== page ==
Why I put quote marks around “violations” of work restrictions.
But what if an employee is fired for exceeding work restrictions that weren’t disclosed?
Fired for concealing work restrictions?
I think these are close cases. As a plaintiff’s lawyer, I would argue that someone who was fired not disclosing a work injury still has a retaliation claim. After all, but for the employee filing a workers’ compensation case, the employer would not have discovered the concealment and fired the employee. Maybe that seems like an overly technical argument, but does the argument at least shift the burden on to the employer to argue an equitable defense like laches or unclean hands? I don’t know the answer to that question, but if there is other evidence of retaliatory motive then concealing an old work injury may not be a lawful reason to terminate an employee.
Don’t risk getting fired
However, as an employee you don’t want to take the risk. The ADA requires that employers attempt to work with you to accommodate a disability. If you are concerned about returning to work after an injury, don’t conceal old injuries if they could reasonably impact your ability to do your job. Often time there are simple fixes that allow you to complete your job duties. The Job Accommodation Network has suggestions about how to accommodate disabilities. Try to use those resources and/or work with your co-workers to try to accommodate your disability. Unions are also a great resource for accommodating an injury, use them when they are available.
Walking off-the-job in mass or mass call-ins without union approval or without a union period is sometimes known as a “wildcat strike.” But while the LEA was correct in stating a coordinated sick out by teachers is illegal in Nebraska, most private sector employees have the right to walk off the job due to safety conditions under certain circumstances.
Some workers are still fortunate enough to enjoy union representation. If you are one of those workers, join your union and get involved in your union. Unions make the workplace more democratic and allow for employee input, but unions work best when workers get involved. One of my pet peeves is listening to clients or potential clients telling me “the union doesn’t do anything.” Some unions are better than others, but even a weak union gives most employees better benefits and more job protections than they would be entitled to otherwise as an at-will employee.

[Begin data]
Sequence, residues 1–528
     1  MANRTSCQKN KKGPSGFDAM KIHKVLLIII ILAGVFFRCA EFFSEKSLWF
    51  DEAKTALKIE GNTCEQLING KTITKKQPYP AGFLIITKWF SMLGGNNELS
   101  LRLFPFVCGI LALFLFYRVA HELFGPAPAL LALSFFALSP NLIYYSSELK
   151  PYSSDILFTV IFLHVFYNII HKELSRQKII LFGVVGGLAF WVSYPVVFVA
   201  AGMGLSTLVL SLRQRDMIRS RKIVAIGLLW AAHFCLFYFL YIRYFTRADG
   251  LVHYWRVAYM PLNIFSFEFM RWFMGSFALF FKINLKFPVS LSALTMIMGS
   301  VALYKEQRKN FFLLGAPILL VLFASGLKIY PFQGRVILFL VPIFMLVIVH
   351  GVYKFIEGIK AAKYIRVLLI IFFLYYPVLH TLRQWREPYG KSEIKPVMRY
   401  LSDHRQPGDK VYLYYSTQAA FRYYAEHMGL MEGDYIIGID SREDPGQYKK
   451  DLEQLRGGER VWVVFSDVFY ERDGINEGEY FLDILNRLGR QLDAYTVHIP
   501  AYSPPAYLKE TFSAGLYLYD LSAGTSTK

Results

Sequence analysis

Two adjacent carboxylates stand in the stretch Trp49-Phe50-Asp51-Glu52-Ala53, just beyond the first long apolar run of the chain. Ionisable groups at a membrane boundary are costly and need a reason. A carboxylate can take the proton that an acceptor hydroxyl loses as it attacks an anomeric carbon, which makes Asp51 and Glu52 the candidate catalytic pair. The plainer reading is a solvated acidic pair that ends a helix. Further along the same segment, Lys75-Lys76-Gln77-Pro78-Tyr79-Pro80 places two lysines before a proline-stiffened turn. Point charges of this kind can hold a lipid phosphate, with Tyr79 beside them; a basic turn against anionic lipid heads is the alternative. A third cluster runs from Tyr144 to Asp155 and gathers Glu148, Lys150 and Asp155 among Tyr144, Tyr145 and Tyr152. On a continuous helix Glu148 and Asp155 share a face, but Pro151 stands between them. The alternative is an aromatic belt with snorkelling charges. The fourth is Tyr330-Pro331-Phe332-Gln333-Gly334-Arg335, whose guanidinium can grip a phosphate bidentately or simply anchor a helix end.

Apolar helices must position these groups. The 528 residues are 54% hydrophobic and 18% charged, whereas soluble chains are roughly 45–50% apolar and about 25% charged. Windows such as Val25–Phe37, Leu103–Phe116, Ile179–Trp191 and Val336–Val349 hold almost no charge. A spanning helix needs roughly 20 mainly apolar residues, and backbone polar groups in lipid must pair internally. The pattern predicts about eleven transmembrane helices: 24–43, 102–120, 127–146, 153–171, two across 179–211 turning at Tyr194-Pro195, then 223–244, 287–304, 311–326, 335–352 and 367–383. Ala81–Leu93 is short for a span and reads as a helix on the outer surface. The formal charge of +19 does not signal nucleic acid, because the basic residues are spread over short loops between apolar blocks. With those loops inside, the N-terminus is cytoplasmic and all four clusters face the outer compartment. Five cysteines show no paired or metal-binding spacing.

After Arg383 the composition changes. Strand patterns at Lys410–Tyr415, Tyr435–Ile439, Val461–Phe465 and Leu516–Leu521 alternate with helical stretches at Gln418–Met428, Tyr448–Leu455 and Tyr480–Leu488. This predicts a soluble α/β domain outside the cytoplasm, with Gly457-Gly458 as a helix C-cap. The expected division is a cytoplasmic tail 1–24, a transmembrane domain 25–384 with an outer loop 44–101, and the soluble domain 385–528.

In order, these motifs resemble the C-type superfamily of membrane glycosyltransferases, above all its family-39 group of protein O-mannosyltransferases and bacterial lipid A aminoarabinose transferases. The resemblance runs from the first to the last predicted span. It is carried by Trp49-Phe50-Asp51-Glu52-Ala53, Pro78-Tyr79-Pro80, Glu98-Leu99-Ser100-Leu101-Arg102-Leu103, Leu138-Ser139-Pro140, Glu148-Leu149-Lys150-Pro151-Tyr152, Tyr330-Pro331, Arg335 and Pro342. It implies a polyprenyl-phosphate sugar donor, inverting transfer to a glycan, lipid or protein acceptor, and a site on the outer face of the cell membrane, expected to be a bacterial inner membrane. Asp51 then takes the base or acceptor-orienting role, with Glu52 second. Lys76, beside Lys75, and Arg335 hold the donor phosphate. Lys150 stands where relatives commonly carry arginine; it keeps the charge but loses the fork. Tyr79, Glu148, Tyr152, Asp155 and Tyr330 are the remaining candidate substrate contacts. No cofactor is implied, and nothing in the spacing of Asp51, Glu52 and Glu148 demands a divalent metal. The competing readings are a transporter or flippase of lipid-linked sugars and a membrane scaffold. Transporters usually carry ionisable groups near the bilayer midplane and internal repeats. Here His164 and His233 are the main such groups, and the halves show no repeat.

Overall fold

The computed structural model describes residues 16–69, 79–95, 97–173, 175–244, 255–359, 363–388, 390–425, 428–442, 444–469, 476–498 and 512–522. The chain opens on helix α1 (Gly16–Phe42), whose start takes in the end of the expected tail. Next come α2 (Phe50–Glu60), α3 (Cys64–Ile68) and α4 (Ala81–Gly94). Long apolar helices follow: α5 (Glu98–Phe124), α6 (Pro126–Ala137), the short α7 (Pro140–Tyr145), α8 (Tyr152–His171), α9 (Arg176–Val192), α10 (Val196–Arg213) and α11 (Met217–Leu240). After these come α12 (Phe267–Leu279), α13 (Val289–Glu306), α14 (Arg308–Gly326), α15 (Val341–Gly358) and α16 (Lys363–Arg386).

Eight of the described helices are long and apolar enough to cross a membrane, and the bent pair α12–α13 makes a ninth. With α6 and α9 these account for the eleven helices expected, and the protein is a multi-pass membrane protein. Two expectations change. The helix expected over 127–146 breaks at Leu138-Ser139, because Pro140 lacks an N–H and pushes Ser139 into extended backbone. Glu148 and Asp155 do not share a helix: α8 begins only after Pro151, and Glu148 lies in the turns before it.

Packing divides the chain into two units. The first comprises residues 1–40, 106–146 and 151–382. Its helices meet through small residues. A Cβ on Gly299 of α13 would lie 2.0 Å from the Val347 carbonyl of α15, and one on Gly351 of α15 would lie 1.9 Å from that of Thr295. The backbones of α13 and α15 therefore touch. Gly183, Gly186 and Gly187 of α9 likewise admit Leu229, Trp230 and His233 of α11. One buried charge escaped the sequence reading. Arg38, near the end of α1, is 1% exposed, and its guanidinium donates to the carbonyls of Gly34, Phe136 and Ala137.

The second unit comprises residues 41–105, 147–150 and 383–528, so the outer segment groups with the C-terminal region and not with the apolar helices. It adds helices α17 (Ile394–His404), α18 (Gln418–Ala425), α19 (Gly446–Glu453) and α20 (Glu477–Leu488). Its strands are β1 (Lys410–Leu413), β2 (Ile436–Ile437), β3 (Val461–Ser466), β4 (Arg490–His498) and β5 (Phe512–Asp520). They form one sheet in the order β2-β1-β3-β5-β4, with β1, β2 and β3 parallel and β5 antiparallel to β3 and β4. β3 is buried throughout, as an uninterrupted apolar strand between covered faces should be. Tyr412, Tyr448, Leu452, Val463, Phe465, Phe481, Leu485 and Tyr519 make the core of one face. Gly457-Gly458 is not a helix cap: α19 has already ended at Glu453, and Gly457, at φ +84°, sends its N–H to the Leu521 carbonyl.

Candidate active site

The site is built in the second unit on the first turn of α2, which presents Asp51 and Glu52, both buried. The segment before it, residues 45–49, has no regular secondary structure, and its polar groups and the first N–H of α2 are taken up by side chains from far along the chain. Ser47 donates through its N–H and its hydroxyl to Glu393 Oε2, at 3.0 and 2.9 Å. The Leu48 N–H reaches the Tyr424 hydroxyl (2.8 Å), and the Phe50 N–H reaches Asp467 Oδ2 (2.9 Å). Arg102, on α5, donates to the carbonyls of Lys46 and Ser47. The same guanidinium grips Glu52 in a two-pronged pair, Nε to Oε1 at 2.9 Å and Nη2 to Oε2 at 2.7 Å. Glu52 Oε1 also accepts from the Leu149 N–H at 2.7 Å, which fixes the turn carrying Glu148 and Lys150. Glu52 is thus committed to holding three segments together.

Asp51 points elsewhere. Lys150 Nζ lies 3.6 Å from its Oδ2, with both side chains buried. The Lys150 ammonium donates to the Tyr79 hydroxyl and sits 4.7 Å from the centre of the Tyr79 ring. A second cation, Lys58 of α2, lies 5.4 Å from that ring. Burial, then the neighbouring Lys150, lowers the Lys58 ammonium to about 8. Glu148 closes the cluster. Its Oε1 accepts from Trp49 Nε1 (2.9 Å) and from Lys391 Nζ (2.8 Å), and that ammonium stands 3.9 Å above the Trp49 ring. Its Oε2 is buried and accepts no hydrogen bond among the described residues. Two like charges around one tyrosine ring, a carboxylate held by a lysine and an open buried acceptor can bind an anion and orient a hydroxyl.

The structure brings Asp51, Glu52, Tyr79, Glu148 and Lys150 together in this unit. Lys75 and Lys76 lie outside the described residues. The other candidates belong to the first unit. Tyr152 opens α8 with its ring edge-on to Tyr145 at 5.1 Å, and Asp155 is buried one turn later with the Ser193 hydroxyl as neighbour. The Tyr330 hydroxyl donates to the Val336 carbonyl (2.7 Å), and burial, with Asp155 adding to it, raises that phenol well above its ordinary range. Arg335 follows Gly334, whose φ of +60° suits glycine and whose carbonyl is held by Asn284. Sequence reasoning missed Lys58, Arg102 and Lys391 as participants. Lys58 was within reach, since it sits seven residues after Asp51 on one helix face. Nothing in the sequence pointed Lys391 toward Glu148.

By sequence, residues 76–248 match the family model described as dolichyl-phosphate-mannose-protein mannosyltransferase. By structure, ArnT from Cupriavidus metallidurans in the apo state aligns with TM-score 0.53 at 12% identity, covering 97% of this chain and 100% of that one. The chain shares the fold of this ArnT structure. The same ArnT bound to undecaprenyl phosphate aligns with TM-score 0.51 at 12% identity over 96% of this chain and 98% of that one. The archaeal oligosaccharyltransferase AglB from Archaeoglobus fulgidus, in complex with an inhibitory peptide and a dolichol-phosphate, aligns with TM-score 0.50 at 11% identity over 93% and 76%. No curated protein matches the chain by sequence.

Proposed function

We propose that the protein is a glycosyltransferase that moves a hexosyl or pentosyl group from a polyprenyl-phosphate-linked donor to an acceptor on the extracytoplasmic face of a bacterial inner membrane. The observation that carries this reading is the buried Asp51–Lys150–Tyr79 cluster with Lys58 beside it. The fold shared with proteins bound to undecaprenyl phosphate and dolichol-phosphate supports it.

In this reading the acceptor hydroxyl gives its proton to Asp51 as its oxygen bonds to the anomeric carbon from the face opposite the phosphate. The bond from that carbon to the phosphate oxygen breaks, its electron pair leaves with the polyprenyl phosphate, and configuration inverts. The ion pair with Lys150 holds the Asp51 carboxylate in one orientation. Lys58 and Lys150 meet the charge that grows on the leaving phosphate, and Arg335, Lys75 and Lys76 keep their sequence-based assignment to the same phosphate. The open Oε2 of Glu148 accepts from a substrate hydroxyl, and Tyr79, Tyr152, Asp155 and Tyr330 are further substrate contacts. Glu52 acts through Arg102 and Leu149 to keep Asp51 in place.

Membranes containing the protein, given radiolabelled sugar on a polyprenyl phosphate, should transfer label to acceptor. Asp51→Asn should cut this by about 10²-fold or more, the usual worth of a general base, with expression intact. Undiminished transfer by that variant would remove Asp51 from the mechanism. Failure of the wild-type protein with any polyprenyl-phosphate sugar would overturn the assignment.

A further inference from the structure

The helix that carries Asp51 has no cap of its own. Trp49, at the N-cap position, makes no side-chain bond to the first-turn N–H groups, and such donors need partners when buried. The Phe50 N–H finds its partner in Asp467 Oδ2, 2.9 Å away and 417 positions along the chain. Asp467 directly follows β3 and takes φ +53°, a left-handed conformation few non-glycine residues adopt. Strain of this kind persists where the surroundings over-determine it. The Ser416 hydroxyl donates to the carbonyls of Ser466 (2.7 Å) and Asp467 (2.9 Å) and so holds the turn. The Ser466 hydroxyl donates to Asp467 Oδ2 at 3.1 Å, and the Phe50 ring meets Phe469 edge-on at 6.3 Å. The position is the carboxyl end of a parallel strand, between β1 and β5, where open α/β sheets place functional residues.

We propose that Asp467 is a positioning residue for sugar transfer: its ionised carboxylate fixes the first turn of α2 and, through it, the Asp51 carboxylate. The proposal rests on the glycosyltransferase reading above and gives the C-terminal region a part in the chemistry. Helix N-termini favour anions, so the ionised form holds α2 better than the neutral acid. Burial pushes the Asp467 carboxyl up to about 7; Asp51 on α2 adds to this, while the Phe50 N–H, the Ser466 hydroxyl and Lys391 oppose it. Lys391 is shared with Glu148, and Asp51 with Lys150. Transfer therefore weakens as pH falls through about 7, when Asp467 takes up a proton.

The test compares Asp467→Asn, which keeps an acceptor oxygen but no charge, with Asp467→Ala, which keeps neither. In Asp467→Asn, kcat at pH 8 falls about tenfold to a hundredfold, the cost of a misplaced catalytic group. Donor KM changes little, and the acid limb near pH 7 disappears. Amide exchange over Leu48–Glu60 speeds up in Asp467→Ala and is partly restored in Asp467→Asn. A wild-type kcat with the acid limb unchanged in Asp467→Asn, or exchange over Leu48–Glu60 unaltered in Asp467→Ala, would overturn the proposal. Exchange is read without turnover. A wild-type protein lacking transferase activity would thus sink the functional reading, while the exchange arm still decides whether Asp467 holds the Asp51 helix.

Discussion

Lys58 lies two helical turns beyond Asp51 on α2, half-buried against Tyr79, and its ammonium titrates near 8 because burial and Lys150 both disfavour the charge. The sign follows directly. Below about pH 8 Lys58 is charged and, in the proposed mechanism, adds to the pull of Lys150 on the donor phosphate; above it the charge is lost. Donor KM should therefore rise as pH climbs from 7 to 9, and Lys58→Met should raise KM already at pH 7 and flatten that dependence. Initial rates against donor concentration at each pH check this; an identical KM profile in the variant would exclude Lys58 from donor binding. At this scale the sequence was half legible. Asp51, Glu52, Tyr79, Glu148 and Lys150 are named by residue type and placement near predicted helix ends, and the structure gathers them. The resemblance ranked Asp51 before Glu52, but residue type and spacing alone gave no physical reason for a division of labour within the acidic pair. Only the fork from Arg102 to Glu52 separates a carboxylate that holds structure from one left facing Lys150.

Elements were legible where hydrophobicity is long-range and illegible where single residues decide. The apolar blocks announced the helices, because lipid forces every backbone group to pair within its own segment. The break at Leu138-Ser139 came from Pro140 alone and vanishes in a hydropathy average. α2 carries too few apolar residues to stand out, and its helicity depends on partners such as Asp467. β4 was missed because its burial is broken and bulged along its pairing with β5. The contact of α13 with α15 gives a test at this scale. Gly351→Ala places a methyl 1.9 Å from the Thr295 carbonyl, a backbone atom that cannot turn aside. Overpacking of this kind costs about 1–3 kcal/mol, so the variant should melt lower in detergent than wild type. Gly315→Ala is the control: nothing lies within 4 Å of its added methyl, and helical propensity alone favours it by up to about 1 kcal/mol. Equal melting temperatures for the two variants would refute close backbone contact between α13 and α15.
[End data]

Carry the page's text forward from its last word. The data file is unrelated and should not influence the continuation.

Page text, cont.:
Public sector labor law reform in Nebraska?
Public sector employees cannot strike in Nebraska. Nebraska law is clear on that issue unlike more ambiguous laws in West Virginia, Oklahoma and Arizona that had teacher strikes in 2018. Nebraska law also holds teachers and other employees can’t engage in work slow downs or sickouts. In fact it is a crime to even advocate or advise public sector employees on workplace strikes and slowdowns and to support strike funds. While Nebraska laws on public sector strikes may be vulnerable to some First Amendment challenges, public sector strikes and work slowdowns remain a very risky proposition for participants.
Nebraska is also one of the few states that hasn’t adopted charter schools which are opposed by teachers’ unions. I’m not sure that the Nebraska State Education Association, the union representing teachers in Nebraska, would want to risk alienating support for public schools with proposals that could seem radical to many Nebraskans, including teachers.
I saw something new in the world of workers’ compensation last month; a “work restriction agreement” between an employee and a doctor. The agreement raised my eyebrows when I first saw it and it raised my eyebrows again when I dug it up to write this post.
The more I thought about this agreement, the more I saw the handiwork of a nurse case manager. Nurse case managers have all sorts of advantages over injured in workers in a workers’ compensation claim. In my mind, this agreement really seemed like running up the proverbial score.
So why did this agreement rub me the wrong way?
Trust and stigma in workers’ compensation
When I saw the agreement, I thought about the agreements that doctors often make patients sign in order to receive opioid pain medication. To some extent those agreements are well-intentioned because they can inform patients about how to take medication properly. But the agreements have been criticized for undermining the doctor-patient relationship and stigmatizing users of prescription drugs as potential addicts. Injured workers are equated with drug addicts.